Indie providers, hospitals create mutual opportunity

Friday, October 25, 2013

YARMOUTH, Maine – Hospitals, even those with their own HME divisions, are increasingly looking to partner with independent providers in their quest to reduce readmissions, stakeholders say.

“In my experience, hospital-based HME departments are poorly run—they suffer from the hospital’s bureaucracy,” said Craig Hittle, senior manager of the healthcare team at Indianapolis-based Somerset CPAs. “Independents are leaner and meaner. They bring that model and strategy to the table.”

Another factor spurring hospitals to form partnerships: With less than 8% of hospital-based HME providers in possession of contracts for Round 2 of competitive bidding, an independent provider with a contract can keep the Medicare door open, stakeholders say. 

The partnerships benefit both parties: They give providers access to the hospital’s insurance contracts, physicians and patients; and they give hospitals access to a provider’s expertise in treating patients with chronic conditions in the home, stakeholders say.

“Accountable Care Organizations and cost savings are a major force in healthcare industry,” Hittle said. “Hospitals typically lead the charge in these efforts, and they’re trying to cut costs, reduce readmissions and get patients out sooner.”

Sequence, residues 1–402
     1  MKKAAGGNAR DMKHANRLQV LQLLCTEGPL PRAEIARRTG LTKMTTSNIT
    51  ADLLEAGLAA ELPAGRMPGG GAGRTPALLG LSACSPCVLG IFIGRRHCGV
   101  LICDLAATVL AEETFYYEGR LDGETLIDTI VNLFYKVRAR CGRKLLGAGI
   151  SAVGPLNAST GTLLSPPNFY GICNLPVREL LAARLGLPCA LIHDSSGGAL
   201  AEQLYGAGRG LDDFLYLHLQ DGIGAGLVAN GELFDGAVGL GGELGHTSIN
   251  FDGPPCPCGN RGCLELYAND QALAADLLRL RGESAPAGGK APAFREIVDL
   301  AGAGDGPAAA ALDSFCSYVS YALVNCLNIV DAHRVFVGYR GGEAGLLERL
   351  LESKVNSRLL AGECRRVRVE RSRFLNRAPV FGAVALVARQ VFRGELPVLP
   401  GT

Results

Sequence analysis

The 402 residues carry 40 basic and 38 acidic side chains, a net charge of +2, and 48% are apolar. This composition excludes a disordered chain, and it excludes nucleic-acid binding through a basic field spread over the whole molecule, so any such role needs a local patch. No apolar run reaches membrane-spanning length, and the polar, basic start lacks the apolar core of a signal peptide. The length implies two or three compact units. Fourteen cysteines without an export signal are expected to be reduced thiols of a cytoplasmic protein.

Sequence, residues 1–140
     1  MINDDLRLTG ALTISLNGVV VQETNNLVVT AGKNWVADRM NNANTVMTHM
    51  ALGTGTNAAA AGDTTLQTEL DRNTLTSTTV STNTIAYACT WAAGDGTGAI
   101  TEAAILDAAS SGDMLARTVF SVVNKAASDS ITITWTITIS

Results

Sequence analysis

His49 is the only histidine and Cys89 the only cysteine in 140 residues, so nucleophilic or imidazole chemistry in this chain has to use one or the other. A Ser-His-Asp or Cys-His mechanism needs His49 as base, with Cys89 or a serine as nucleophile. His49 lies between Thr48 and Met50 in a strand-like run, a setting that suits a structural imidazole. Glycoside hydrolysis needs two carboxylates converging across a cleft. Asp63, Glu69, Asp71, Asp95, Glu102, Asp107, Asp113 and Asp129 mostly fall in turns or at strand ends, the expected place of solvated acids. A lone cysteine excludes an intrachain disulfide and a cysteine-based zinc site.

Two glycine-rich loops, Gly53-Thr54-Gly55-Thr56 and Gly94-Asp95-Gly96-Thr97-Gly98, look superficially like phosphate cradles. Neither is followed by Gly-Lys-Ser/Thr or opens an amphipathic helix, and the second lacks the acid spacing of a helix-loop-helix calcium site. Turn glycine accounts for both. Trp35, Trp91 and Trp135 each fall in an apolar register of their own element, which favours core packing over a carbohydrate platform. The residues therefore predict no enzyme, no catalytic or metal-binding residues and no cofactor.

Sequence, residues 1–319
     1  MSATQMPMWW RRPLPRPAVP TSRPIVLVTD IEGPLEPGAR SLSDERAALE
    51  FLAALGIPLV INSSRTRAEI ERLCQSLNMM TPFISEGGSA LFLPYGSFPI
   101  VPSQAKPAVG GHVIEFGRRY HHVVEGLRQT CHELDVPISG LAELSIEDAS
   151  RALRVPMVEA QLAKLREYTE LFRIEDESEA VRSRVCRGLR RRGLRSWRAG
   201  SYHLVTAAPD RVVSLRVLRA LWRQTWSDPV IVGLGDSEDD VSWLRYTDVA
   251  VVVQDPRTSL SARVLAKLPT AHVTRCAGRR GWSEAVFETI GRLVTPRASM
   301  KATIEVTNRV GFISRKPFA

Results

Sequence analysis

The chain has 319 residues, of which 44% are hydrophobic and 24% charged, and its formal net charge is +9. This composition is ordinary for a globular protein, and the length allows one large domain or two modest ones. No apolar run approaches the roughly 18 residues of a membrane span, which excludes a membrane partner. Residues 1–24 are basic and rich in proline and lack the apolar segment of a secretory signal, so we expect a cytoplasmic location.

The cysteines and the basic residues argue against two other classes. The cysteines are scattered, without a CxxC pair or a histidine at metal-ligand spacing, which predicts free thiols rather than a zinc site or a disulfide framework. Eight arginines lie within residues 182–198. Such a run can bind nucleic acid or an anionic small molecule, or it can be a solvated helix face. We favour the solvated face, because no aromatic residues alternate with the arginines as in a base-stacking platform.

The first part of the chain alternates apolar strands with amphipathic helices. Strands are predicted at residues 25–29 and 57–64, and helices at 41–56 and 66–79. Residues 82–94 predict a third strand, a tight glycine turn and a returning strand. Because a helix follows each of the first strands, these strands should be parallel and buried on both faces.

Among the providers ready to fill a hospital’s need is Mike Kutsak, owner of Sleep Circle, which serves patients in New Jersey, Pennsylvania, Delaware and Maryland.

“I’ve been in conversations with hospitals, talking about the need for DME to be integrated under the hospital umbrella,” he said. “We offer a value-added partnership for a hospital, with comprehensive disease management.”

Despite the mutual benefits these partnerships can offer, consultant Joel Segar cautions independent providers that working within a hospital system is a completely different animal.

“Most HME providers have no experience working through a hospital-based system,” said Segar, owner of Chattanooga, Tenn.-based Allied Management Solutions. “It can be a political quagmire.”